RAID is designed to improve system reliability by adding redundancy and protecting against disk failures. However, RAID is not designed against power failures, which may lead to damaged data that is not recoverable. Conventionally, in order to ensure that a data storage system may survive a power failure, the data storage system power is cycled (i.e., powered down and powered up) occasionally. However, a data storage system such as a RAID storage system, and the like, often uses many drives for storing data. The conventional method may not be able to verify that each drive in the data storage system survives a power failure. Furthermore, the conventional method may lack automatic and online capability.

Thus, it would be desirable to provide a disk drive power cycle screening method and apparatus for a data storage system, which may automatically verify, even when the data storage system is in normal operation, that a drive in the data storage system survives a power failure.

SUMMARY OF THE INVENTION

In a first aspect of the present invention, a disk drive power cycle screening method for a data storage system includes: (a) selecting one or more drives in a disk array for power cycle screening; (b) transferring data contained in the selected one or more drives to at least one receiving drive in the disk array; (c) cycling power for the selected one or more drives; (d) verifying that the selected one or more drives function properly; and (e) returning the data from the at least one receiving drive to the selected one or more drives.

In an additional aspect of the present invention, an apparatus for implementing a disk drive power cycle screening method for a data storage system includes: (1) means for selecting one or more drives in a disk array for power cycle screening; (2) means for transferring data contained in the selected one or more drives to at least one receiving drive in the disk array; (3) means for cycling power for the selected one or more drives; (4) means for verifying that the selected one or more drives function properly; and (5) means for returning the data from the at least one receiving drive to the selected one or more drives.

In another aspect of the present invention, a disk drive power cycle screening method for a RAID disk array includes: (1) selecting a drive in a RAID disk array for power cycle screening; (2) rerouting writes to the selected drive to a spare drive in the RAID disk array for storing; (3) rebuilding reads for the selected drive with data drives of a RAID level that the selected drive is in; (4) cycling power for the selected drive; (5) verifying that the selected drive functions properly; and (6) resynchronizing the selected drive by returning the writes from the spare drive to the selected drive.

In a further aspect of the present invention, an apparatus for implementing a disk drive power cycle screening method for a RAID disk array includes: (1) means for selecting a drive in a RAID disk array for power cycle screening; (2) means for rerouting writes to the selected drive to a spare drive in the RAID disk array for storing; (3) means for rebuilding reads for the selected drive with data drives of a RAID level that the selected drive is in; (4) means for cycling power for the selected drive; (5) means for verifying that the selected drive functions properly; and (6) means for resynchronizing the selected drive by returning the writes from the spare drive to the selected drive.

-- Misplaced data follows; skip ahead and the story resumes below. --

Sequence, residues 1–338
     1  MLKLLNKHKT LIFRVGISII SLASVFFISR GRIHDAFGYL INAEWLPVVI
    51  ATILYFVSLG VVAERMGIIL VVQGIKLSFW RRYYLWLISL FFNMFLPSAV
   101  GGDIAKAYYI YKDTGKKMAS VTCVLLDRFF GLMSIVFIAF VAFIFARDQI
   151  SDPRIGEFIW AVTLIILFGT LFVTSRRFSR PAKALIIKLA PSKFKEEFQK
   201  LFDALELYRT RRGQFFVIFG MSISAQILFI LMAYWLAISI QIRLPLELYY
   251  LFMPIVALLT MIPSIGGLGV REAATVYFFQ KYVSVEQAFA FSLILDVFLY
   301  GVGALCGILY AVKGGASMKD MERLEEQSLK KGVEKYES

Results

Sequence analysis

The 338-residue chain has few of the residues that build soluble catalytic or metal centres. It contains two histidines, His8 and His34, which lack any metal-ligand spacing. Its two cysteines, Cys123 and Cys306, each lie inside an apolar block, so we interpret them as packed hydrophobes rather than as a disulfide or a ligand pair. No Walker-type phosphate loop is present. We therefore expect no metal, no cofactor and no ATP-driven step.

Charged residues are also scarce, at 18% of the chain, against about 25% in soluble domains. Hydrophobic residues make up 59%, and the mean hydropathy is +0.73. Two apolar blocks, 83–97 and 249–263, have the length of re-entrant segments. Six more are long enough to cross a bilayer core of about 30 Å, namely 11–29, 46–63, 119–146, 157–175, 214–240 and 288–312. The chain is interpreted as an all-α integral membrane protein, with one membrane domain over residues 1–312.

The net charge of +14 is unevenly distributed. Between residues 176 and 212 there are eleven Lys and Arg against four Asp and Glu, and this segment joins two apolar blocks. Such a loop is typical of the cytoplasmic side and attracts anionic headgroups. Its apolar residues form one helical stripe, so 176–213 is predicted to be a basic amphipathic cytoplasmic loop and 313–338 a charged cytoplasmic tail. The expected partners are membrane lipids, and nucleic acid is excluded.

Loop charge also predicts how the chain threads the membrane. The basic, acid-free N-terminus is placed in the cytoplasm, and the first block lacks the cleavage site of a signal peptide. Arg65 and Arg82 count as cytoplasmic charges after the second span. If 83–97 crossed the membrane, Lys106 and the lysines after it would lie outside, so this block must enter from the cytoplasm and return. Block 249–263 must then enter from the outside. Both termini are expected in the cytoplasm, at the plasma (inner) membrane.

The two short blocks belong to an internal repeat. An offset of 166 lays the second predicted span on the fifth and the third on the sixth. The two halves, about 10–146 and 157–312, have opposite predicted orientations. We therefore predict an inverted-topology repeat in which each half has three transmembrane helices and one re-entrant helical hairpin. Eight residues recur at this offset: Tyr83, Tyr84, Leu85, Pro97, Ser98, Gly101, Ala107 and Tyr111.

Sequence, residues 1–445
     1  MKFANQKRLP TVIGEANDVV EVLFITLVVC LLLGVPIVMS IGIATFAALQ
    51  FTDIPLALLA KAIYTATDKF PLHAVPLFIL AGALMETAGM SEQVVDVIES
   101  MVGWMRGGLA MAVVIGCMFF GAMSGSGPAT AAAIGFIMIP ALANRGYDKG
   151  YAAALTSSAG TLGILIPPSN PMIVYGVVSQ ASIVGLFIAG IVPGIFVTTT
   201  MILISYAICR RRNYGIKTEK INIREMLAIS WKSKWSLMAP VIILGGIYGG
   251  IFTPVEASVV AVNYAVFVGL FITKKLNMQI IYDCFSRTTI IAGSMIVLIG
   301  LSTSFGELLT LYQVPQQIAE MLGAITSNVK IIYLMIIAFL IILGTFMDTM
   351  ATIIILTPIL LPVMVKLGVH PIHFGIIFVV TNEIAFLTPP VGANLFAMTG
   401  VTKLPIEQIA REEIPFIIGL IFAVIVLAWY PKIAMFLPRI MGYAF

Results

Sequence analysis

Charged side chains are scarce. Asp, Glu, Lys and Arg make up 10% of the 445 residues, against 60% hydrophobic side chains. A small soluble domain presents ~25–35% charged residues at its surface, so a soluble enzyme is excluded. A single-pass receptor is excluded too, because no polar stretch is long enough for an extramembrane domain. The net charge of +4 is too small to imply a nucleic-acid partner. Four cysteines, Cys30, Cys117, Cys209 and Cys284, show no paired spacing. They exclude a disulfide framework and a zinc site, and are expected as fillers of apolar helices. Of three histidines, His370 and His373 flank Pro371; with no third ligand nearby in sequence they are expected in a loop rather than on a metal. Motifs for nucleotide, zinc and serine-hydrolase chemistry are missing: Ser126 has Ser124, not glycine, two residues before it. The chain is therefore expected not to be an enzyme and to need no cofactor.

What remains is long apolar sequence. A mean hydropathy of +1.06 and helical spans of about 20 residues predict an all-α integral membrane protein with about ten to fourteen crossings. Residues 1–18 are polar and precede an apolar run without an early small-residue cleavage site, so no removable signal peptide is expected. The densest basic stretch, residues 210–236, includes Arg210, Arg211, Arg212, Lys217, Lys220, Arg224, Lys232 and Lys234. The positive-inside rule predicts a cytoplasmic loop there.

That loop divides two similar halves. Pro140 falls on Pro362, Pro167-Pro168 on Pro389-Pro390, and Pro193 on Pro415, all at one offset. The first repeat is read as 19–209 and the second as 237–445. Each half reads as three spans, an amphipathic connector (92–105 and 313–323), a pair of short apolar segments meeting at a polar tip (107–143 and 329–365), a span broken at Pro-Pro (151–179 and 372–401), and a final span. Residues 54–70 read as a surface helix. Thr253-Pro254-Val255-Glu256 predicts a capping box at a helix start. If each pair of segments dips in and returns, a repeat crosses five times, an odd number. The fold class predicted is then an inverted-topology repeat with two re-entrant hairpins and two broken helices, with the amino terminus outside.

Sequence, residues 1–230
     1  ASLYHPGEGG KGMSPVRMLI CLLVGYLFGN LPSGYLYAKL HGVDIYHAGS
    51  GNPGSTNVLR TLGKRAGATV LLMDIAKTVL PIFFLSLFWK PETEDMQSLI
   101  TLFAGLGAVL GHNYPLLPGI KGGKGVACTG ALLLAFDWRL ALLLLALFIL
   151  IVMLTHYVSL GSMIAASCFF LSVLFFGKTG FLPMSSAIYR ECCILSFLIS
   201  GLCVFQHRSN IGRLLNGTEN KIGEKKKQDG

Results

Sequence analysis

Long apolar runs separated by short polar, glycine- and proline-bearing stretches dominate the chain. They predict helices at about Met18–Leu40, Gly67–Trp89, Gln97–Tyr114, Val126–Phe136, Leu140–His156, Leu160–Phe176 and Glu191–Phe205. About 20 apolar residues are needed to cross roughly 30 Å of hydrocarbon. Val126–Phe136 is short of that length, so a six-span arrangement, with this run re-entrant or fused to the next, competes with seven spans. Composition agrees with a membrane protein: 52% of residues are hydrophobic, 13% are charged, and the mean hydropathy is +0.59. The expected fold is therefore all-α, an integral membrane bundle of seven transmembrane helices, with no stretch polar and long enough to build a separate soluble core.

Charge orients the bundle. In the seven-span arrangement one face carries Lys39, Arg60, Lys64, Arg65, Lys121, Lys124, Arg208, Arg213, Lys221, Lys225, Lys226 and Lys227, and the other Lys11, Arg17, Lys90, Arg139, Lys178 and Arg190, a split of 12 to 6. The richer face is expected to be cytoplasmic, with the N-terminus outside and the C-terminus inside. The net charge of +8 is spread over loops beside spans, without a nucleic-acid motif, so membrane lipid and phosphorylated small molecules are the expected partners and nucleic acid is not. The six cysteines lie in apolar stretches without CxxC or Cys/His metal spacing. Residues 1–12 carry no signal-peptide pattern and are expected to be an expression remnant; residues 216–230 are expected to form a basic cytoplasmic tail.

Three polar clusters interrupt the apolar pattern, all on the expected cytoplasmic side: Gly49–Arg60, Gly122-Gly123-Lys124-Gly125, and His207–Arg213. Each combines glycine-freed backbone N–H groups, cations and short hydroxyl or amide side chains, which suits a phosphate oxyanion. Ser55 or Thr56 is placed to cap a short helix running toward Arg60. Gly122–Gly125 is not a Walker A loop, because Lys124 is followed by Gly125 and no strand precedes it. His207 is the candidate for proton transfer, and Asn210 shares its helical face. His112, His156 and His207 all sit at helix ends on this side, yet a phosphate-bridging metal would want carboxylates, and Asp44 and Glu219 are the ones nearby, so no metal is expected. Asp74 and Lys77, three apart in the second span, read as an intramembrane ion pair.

In still a further aspect of the present invention, a method for updating firmware on drives in a data storage system includes: (1) selecting one or more drives in a disk array for firmware update; (2) transferring data contained in the selected one or more drives to at least one receiving drive in the disk array via a non-disruptive data mover function; (3) updating firmware on the selected one or more drives; (4) verifying that the selected one or more drives function properly; and (5) returning the data from the at least one receiving drive to the selected one or more drives.

In still a further aspect of the present invention, a method for updating firmware on drives in a RAID disk array includes: (1) selecting a drive in a RAID disk array for firmware update; (2) rerouting writes to the selected drive to a spare drive in the RAID disk array for storing; (3) rebuilding reads for the selected drive with data drives of a RAID level that the selected drive is in; (4) updating firmware on the selected drive; (5) verifying that the selected drive functions properly; and (6) resynchronizing the selected drive by returning the writes from the spare drive to the selected drive.

It is to be understood that both the foregoing general description and the following detailed description are exemplary and explanatory only and are not restrictive of the invention as claimed. The accompanying drawings, which are incorporated in and constitute a part of the specification, illustrate an embodiment of the invention and, together with the general description, serve to explain the principles of the invention.